Inclusive Online Participation: One Perspective

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By Barbara Roberts, Executive Director, WorkLife

In my long career working with how people participate in higher education and professional settings, I have had the joy of being in meetings where information is shared in many ways simultaneously. I have attended conferences, run by students, where there is simultaneous French/English translation, American Sign Language interpretation, Braille and large print copies of slides and hand-outs, all happening seamlessly over the heads of service animals quietly lying beside their companions. I have presented to the United Nations where the headphones and microphones are filled with different languages and cultural nuances, and where the pace of the meeting is nonetheless productive, respectful and creative.

 

As we move into this new age of constant online interactions, I am reminded of these experiences as we tune our communication skills to hear and be heard by one another, in a medium or venue that may be very unfamiliar. And yet we are learning. It will be easier for some, who are accustomed to teaching or learning or meeting online already, and it will be frustrating, irritating and exhausting for others who are learning how to use technologies, chat windows, screen sharing and other features of live online interaction. Our office has a running joke about this among us. One member of our team, who is the guru of everything electronic is constantly dragging me, the resident hippie, into new and frightening territory where I have to then perform. (“I have to make a podcast?” I did.) And Jaimie Hutchison keeps us front and center in social media, while I just “like” whatever she posts.  Our Communications Team is out in front of it all, connecting the dots and helping us reach you. But we are all growing together in the spectrum of our abilities to work online, and we shifted operations pretty smoothly when the orders came down. Blog posts? Yup. Webinars? Done. Social media supports? Happening. Not everyone is so lucky as to have colleagues who tutor them along. We need to do this for one another, while we learn the myriad ways of participating that will now serve us well, and help us keep the ship afloat through turbulent seas in which we find ourselves, sometimes feeling “at sea without a paddle”.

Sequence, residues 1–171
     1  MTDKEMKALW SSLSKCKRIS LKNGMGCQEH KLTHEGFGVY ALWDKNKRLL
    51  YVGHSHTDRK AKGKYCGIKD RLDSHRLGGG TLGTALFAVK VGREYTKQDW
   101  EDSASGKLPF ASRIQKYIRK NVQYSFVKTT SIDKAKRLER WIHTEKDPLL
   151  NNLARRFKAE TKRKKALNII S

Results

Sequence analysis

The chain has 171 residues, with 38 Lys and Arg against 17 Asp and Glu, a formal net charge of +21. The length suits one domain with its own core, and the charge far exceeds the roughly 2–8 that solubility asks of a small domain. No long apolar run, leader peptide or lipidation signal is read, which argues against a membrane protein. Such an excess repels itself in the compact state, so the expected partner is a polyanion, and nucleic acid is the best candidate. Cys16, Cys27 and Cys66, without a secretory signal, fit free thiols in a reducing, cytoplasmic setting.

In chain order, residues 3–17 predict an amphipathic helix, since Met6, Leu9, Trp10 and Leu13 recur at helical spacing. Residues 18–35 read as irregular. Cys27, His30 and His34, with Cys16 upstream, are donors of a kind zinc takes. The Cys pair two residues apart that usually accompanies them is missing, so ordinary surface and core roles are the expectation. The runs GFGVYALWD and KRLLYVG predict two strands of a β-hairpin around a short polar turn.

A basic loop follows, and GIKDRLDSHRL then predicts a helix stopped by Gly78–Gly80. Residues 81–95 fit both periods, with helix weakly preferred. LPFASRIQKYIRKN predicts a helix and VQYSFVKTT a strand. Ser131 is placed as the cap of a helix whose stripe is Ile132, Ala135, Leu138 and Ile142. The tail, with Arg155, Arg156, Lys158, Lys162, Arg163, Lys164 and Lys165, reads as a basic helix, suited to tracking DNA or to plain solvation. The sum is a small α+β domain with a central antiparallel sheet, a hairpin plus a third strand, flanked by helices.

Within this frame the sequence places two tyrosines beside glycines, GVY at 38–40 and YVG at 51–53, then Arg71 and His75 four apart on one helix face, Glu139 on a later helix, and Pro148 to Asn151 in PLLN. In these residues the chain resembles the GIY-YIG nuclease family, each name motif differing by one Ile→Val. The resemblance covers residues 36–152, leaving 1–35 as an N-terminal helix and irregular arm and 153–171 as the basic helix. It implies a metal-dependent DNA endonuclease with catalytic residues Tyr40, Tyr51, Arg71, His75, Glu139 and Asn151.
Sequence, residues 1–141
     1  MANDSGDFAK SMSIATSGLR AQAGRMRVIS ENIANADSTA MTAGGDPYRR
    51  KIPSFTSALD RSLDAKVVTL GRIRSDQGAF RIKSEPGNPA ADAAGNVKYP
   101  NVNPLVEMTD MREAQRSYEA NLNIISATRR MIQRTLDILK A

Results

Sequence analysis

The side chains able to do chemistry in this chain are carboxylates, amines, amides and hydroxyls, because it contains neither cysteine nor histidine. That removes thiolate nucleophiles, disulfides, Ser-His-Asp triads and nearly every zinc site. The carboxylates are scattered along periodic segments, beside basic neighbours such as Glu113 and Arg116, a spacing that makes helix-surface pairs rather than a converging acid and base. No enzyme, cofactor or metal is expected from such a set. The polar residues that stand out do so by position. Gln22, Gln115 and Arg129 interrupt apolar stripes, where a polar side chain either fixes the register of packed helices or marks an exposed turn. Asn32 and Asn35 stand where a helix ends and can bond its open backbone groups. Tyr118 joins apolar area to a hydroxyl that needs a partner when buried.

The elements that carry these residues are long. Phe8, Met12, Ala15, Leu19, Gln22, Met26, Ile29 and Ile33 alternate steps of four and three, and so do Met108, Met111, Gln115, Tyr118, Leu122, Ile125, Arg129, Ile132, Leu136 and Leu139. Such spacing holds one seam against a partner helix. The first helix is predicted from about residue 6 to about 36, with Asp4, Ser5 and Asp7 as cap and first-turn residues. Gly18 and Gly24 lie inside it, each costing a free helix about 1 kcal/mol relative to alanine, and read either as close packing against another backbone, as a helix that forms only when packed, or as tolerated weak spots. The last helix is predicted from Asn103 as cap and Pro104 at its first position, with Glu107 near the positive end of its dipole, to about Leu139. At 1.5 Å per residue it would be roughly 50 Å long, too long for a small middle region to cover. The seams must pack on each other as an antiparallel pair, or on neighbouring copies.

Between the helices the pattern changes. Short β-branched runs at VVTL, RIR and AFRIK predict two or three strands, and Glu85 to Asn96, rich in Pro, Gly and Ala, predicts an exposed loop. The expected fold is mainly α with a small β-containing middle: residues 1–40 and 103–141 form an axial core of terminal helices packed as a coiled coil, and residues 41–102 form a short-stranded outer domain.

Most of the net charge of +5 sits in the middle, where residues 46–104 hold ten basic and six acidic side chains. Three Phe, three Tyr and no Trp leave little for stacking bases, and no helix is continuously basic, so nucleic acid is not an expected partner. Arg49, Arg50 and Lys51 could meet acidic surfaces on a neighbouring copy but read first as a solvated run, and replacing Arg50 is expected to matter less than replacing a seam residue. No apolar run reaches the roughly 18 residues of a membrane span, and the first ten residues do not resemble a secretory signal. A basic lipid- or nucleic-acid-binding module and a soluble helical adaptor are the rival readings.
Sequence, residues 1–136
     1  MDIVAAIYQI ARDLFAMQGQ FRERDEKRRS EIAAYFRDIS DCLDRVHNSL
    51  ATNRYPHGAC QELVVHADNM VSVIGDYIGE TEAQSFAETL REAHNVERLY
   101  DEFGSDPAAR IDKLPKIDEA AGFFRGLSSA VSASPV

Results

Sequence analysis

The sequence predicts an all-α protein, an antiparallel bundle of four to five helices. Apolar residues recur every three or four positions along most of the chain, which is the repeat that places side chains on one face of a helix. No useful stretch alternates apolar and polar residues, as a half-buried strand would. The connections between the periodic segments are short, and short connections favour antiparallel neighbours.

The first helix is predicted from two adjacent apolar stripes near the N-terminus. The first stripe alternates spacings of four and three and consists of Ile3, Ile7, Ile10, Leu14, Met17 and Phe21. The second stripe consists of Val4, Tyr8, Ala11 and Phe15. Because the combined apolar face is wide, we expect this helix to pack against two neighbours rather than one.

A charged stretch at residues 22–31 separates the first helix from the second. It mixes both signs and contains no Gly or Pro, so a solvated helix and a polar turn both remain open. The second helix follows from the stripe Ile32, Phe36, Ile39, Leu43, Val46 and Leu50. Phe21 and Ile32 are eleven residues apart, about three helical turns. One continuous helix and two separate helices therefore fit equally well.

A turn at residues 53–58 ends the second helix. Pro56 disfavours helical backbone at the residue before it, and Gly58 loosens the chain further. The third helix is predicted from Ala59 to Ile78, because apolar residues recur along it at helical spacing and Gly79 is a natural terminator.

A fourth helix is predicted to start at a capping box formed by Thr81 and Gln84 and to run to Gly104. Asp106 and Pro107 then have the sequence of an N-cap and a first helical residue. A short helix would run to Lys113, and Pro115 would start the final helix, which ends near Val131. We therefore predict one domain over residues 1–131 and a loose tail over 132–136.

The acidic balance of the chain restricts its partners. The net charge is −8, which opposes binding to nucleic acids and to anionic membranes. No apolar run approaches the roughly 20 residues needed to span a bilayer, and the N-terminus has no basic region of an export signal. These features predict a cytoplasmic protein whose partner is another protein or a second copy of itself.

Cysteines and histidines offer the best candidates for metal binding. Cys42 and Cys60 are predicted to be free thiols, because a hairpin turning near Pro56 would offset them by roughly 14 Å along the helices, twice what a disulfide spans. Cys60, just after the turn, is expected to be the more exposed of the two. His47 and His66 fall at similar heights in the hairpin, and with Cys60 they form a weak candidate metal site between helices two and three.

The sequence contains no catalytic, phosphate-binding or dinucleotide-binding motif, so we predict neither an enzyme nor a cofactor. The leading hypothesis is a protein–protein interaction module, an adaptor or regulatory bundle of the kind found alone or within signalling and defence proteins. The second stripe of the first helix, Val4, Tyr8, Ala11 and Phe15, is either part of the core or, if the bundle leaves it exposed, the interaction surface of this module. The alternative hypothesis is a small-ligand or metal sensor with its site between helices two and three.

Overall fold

We are not without a paddle. There are copious online resources to tell us how to do these things. We have colleagues and friends who can help. And we will learn by necessity, observation and experience.  And most of all, by having the humility to ask for help and guidance, and to willingly, generously and non-judgmentally give one another that help. We can get there. We can make this easier. Ask questions, seek to understand, and offer assistance. For more tips on online participation, see the post on “Netiquette” for working remotely.  See you online!